Other Books in Series
This is book number 2 in the Twig and Turtle series.
A new toy store in town and a present that comes with all kinds of problems cause Twig and Turtle to question rules that don't always make sense in the second book of the Twig and Turtle chapter book series. Perfect for fans of Ivy and Bean and Judy Moody.
Having fun isn't supposed to be such hard work!
In their tiny house, the rule is Twig and Turtle are each allowed to have five toys. With a new toy store opening in town, the rule is creating a big problem--getting a new toy means giving up one they love. But when the girls realize that the owner has very old-fashioned ideas about who should play with what kinds of toys, changing her mind might be the biggest problem of all.
The second book in the Twig and Turtle series, Toy Store Trouble tackles real-life challenges with humor and heart, and is a perfect pick for fans of Ivy and Bean and Judy Moody.
About the Author
Jennifer Richard Jacobson is the award-winning author of many books for children and young adults including the early-reader series Andy Shane and the Very Bossy Dolores Starbuckle, and her most recent book, The Dollar Kids. A graduate of the Harvard Graduate School of Education, when not writing, Jennifer provides trainings in Writer's Workshop for teachers. Jennifer lives in Maine with her husband and dog.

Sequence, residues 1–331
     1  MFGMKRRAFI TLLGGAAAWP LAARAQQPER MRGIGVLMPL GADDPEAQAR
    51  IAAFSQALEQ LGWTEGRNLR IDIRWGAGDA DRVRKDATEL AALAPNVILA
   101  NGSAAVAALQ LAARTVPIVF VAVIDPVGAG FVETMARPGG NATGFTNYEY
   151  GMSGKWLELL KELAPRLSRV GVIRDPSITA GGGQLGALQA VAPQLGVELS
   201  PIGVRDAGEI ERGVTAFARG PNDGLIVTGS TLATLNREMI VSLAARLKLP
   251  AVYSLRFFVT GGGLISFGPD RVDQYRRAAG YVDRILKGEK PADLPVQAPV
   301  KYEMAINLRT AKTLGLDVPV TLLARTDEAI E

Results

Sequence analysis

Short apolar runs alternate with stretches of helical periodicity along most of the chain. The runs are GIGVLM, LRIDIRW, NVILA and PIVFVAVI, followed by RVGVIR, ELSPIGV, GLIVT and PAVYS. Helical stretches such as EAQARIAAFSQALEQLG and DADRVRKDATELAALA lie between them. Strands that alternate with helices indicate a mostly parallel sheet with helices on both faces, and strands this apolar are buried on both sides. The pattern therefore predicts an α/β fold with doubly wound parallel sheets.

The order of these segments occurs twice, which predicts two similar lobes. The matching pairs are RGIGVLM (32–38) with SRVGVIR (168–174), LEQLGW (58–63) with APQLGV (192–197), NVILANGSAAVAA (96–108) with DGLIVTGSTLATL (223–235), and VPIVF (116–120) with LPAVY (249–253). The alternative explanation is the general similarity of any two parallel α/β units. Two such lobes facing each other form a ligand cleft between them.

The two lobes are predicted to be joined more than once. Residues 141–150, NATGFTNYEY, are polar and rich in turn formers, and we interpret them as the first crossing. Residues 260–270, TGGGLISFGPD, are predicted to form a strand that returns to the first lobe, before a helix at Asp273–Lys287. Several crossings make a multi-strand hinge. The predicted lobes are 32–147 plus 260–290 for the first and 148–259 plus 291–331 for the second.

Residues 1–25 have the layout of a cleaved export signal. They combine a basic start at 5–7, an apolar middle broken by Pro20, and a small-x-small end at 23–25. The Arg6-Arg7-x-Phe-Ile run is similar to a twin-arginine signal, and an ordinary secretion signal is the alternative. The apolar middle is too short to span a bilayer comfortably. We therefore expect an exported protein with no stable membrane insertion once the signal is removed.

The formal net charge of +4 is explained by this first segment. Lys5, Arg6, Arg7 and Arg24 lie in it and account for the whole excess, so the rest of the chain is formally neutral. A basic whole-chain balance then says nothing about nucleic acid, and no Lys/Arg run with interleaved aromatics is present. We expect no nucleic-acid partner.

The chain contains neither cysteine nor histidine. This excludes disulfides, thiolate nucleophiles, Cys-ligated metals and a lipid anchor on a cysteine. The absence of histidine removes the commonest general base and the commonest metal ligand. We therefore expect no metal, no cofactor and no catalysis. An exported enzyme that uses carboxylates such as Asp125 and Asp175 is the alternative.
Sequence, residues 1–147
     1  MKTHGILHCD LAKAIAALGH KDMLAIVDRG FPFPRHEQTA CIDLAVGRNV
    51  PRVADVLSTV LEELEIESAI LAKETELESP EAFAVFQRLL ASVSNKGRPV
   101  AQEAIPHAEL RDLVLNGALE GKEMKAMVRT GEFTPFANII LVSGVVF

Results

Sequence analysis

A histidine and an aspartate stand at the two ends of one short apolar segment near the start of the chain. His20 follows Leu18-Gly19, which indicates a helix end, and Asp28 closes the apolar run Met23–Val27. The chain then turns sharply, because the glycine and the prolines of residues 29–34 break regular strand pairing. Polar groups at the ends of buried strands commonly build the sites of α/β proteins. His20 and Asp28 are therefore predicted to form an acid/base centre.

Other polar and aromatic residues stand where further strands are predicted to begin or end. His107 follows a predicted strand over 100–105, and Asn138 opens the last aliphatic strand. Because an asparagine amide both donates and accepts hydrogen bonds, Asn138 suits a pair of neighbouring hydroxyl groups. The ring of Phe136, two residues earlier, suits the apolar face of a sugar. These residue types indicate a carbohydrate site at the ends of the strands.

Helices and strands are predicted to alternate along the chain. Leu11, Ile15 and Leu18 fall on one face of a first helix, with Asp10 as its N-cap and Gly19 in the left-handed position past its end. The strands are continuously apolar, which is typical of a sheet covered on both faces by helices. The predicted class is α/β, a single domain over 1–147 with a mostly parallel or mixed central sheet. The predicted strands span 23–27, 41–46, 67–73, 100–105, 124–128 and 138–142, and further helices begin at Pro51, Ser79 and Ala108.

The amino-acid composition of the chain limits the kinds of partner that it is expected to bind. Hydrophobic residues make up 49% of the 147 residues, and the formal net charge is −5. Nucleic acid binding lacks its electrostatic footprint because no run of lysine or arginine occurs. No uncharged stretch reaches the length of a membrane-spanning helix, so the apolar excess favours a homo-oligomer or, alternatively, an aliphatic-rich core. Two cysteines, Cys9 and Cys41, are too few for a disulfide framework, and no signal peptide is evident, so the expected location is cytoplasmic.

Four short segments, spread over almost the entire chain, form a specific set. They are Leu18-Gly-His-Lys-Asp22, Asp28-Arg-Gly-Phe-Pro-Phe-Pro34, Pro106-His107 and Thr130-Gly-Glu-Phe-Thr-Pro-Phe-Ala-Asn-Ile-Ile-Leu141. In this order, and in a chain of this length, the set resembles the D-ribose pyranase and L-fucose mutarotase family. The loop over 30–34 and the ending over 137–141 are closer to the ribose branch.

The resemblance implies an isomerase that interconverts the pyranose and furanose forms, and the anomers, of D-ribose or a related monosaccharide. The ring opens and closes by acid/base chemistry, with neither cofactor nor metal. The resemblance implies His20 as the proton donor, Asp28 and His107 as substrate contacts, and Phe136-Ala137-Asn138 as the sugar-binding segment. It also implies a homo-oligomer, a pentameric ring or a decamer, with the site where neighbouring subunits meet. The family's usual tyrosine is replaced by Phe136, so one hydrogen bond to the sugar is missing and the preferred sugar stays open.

Paula Franco is a children's book illustrator living in Rosario, Argentina.
★ "A delightful installment in the “Twig and Turtle” series that touches on creativity, friendship, and expansive understandings of gender. Highly recommended for all public and school collections"—School Library Journal, Starred Review
"Jacobson again shows her strength in creating problems seemingly specific to one setting but experienced by many children; without a hint of didacticism, she allows Twig to reach a creative solution to the problem. Short chapters, generous use of dialogue, and text-supporting spot art scaffold the reading for newly independent chapter book readers. This series reaffirms the old adage that good things come in small packages." —The Horn Book